The Homo sapiens fossils discovered on the lower reaches of the Omo are around 200,000 years old and are considered to be an important building block for research into human evolution. The Omo flows in southern Ethiopia and flows into Lake Turkana. Its ancient, thick layers of sediment are considered a treasure trove for paleontologists.
Lower Omo River Valley: Facts
|Official title:||Valley on the lower reaches of the Omo River|
|Cultural monument:||In a deposit basin up to 4 million years old, fossil site of human species (Australopithecines), including Australopithecus africanus and boisei, as well as Homo habilis and Homo erectus, as well as a reconstructable skull of Homo sapiens, called “Omo I”|
|Country:||Ethiopia, Gamo Gofa|
|Location:||Southwest of Ethiopia, near the Sudanese border|
|Meaning:||an important building block for the seamless research into human evolution|
Valley on the Lower Omo River: History
|4-3.5 million years ago||Australopithecines|
|2-1.7 million years ago||Homo habilis|
|1.7-0.7 million ago||Years Homo erectus|
|130,000 years ago||homo sapiens|
|1967-75||Excavations of different types of australopithecines|
Formerly a sense of community
“Thirteen months of sunshine a year” was the promise of Ethiopian tourism advertising before the country sank into the chaos of civil war in the mid-1970s. In the lower Omo river valley, which winds in huge loops towards Lake Turkana, the relentlessly burning sun transforms the bare tuff rocks into boiling-hot heat stores. This monotonous natural landscape, covered with cones of volcanic ash, extends to the horizon.
In this barren and dry area, a team of researchers from France came across finds of human-like beings during the 1930s. Three decades later, at the invitation of Emperor Haile Selassie, a second expedition, this time with an international cast, was allowed to carefully explore the excavation sites one last time.
The Frenchman Yves Coppens, who led the excavations, came up with a number of sensational finds: His team, which had eight years to spare, buried the well-preserved lower jaw in layers of soil that could be dated to almost three million years ago a representative of the hominid genus. At first, experts did not attach great importance to this find.
Later called »Australopithecus aethiopicus«, the representatives of this genus are generally considered to be the forerunners of today’s humans. They had already walked upright in the manner of Homo sapiens, and their brain volume had also increased steadily in the course of the development chain.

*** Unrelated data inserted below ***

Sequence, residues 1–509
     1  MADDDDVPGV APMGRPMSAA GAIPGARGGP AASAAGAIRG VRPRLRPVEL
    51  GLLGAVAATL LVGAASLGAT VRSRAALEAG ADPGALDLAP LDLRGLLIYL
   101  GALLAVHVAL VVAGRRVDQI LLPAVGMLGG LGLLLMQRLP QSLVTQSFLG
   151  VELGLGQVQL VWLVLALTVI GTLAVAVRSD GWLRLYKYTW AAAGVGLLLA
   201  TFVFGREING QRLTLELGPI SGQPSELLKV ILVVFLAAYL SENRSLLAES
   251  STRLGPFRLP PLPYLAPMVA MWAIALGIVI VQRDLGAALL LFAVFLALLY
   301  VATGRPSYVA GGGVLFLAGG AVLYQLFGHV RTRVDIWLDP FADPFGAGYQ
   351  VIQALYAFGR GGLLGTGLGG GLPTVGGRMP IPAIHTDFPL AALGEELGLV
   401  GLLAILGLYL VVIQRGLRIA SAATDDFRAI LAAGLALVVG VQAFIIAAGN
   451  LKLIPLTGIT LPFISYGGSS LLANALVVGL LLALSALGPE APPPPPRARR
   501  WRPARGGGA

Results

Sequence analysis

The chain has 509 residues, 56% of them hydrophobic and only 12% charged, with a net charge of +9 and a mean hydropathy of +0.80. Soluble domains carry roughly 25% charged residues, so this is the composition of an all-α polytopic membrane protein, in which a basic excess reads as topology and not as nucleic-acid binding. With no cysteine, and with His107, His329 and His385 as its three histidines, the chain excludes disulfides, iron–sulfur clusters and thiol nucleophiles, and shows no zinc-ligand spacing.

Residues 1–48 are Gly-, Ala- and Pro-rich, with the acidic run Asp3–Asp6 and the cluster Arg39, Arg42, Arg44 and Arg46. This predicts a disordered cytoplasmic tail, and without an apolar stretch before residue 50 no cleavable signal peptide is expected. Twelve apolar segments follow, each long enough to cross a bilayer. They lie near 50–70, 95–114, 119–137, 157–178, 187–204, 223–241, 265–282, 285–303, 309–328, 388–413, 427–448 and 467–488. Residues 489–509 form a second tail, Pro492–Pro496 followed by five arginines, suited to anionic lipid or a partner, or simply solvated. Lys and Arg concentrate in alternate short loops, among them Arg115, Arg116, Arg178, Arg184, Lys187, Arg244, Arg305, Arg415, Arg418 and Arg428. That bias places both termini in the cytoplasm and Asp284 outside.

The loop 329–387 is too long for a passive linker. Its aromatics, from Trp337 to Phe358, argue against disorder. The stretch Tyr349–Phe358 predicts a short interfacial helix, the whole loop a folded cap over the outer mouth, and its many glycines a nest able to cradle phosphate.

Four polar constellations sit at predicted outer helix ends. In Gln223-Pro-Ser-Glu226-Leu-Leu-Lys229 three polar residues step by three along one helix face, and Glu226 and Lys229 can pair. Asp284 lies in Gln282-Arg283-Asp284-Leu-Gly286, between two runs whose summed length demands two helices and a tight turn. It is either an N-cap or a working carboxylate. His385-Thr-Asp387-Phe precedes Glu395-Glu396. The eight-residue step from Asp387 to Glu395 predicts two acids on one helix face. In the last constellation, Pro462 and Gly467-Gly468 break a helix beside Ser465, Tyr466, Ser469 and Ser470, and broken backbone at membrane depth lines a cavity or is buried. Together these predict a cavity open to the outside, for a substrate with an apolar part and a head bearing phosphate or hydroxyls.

Other fossilized finds from the Omo Valley could be identified over the course of time as the remains of around 30 human-like creatures; Scientists classified the sensational finds from this part of Ethiopia in four of today’s six Australopithecus species from different epochs in the history of the earth.
Finally, one came across the remains of Homo erectus, who is considered to be the immediate ancestor of man today. The skulls of early forms of Homo sapiens, which entered the history of the earth around 600,000 years ago, were also found in the Omo Valley and are thought to be between 40,000 and 130,000 years old. A variety of animal fossils, which by now was barely manageable and which gradually came to light during excavations, made it possible to understand the development of the East African fauna.
Subordinated to the Ethiopian antiquity administration since the 1980s, the lower section of the river with its neighboring national park probably served as a central settlement site during the early prehistory. The relics of stone tools, which in some cases had already been created 2.5 million years ago, provided some information about the coexistence of early humans. In their processing, the devices, which are well preserved in the volcanic ash, differ significantly from finds from other Ethiopian excavation areas according to indexdotcom.
Homo habilis, the earliest representative of the human species, used abundant pebbles to make his tools. By means of repeated impacts, they splintered into the desired shape. The fist-sized hand axes and sharp-edged stone tools found in the Omo Valley, which were probably used for cutting, are by far the oldest relics of craftsmanship. It is very likely that the residents living together in the settlements were already doing their craft together.
As the stone tools from the “Oldowan” and “Acheuléen” cultural stages prove, the archaic craftsmen remained loyal to the primitive tool forms for hundreds of thousands of years. Findings from today’s Ethiopia that are still waiting to be discovered may give our society, whose exponentially growing knowledge is outdated after a short time, new information about the previously unexplored learning culture of early human communities.